There has been no formal announcement, but there are extremely strong indications that Jolla devices will be compatible with Android applications. If this is the case, it would allow existing Android publishers to release software on Jolla without having to do any special development work.

The Jolla app store will also probably contain MeeGo apps originally written for the Nokia N9, and of course new apps developed specially for Jolla devices.

When do we get to see the first Jolla smartphone(s)?

The first public unveiling of Sailfish (the Jolla version of MeeGo) will be at the Slush 2012 event in Helsinki on the 21st and 22nd of November.

According to Jolla’s own press relese, there should be more details about the phone itself some time before Christmas.

Has Jolla signed any deals yet?

Yes, they have, with China’s largest retailer for example.

They have also apparently formed an alliance with several other companies to share Sailfish.

Will Jolla be supporting the Nokia N9?

Officially, no, Jolla are not allowed to. Nokia made the N9, Jolla is a totally separate company.

Unofficially, perhaps. It is theoretically possible that whatever Jolla makes could be installed on the N9, though it is unclear whether this is possible in reality.

Will Jolla’s phones use the Swipe user interface seen on the N9?

Swipe is property of Nokia and so wouldn’t be on Jolla devices.

However, Jolla haven’t yet unveiled their own UI so it remains to be seen how similar it is to the N9’s.

Does Jolla have a website?

Not yet. However, they do have an extremely active and responsive Twitter channel, a Linkedin page and a placeholder Facebook page. They also recently purchased the domain jolla.com, so presumably the official site will be there.

As far as unofficial sites go, there isn’t much yet, which is one of the reasons we started Following Jolla. One early contender packed with stories is Jolla Tides. The Jolla Wikipedia entry is also a very detailed starting point, though of course subject to constant change.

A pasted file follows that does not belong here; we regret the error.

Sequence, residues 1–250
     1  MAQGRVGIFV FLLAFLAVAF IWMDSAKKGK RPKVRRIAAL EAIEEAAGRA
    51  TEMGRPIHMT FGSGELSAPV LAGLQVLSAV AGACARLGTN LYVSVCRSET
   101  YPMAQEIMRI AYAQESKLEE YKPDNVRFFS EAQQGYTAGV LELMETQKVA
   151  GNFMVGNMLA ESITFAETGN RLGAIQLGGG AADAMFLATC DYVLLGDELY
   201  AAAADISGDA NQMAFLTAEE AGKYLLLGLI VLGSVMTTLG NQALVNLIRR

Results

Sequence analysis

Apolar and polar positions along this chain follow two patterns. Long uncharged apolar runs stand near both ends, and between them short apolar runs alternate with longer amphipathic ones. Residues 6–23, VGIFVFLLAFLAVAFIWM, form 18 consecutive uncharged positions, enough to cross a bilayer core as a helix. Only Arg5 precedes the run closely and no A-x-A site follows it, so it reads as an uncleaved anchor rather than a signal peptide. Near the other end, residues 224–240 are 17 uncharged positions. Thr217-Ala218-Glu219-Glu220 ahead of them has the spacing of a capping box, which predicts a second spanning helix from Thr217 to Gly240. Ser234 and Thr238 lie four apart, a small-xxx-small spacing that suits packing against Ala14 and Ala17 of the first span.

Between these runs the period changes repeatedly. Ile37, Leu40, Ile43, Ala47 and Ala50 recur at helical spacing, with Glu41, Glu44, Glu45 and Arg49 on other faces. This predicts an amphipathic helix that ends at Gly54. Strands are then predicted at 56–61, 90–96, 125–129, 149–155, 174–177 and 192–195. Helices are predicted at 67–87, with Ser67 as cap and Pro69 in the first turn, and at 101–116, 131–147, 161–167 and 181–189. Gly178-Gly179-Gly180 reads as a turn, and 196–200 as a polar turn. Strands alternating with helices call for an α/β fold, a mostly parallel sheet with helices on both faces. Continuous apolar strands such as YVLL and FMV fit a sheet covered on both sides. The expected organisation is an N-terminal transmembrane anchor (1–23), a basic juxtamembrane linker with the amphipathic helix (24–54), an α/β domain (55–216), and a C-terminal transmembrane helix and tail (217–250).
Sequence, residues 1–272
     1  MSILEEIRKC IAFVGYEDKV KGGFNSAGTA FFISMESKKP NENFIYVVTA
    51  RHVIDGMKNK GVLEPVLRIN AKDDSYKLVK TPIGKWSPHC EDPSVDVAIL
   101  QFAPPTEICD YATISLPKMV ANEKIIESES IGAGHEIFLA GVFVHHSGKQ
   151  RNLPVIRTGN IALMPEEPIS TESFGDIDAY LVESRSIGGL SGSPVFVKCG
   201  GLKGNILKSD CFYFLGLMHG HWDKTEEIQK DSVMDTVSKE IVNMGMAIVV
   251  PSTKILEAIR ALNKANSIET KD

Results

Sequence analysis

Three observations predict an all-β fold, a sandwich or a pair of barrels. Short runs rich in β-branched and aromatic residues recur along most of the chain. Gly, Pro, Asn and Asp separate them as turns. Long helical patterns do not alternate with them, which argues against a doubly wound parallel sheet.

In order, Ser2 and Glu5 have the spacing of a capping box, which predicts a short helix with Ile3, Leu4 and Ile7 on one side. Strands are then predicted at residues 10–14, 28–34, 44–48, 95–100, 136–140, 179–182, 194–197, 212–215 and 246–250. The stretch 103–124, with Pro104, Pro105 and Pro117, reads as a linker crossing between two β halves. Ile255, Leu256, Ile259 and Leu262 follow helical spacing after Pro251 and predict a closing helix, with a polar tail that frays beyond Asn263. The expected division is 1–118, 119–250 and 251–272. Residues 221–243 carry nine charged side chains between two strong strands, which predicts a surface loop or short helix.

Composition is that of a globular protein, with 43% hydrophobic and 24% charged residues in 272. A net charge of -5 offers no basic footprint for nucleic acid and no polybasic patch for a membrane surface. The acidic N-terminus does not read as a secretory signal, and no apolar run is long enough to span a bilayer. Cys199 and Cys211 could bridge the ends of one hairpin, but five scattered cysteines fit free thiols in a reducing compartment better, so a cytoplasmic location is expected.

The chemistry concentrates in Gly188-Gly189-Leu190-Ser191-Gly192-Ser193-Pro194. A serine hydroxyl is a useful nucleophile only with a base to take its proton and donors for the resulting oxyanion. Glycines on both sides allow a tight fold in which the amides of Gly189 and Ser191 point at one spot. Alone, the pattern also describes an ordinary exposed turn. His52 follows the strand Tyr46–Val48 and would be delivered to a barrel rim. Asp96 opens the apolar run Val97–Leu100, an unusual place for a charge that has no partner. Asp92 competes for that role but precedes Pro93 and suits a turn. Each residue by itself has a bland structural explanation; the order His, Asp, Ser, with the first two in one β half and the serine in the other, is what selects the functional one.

You can also try following Nokia fansites and general mobile-oriented sites, they have already provided quite a bit of Jolla-based coverage. For example MyNokiaBlog has a very interesting Q&A session with the company, and IntoMobile has an excellent interview with Jolla’s CEO.

For the more technically-minded, a pretty good place to discuss Jolla and MeeGo’s future is over on the maemo.org forums which have been the backbone of the Maemo/MeeGo community over the past seven years. (For various reasons you’ll find the main Jolla threads in the “competitors” section rather than the “MeeGo” section.)

A brand new Jolla-only forum has also opened up at jollaforum.net, with separate sections in Finnish and English.

Is the company called “Jolla” or “Jolla Mobile”?

It’s just “Jolla”.

Many refer to the company as “Jolla Mobile”, perhaps because they made their first announcements through the Twitter account @jollamobile and used the internet domain jollamobile.fi for company e-mail. However, the name of the company and brand is simply “Jolla”.

What does “Jolla” mean?

It’s a Finnish word meaning a small boat or dinghy. Some people see the company as a “lifeboat” for developers at Nokia who wanted to continue their work on MeeGo. The lifeboat metaphor is especially apt in many people’s minds due to Elop’s infamous “burning platform” speech, which preceeded Nokia selling itself over entirely to Windows.

It may also be a reference to Mer, the version of MeeGo that they are going to use. (Open source software fans might like to check out Mer’s Wikipedia entry, as its history is slightly complicated.)

How do you pronounce “Jolla”?

An English approximation of the Finnish is “Yol – lah”. A “j” is pronounced somewhat like an “i”.

But Jolla themselves said it was pronounced like “Jeans”!

It could be that they have an alternative pronunciation in English.

Can we stop talking about pronunciation now?

Yes.

Does Jolla have any connection to La Jolla in California?


No.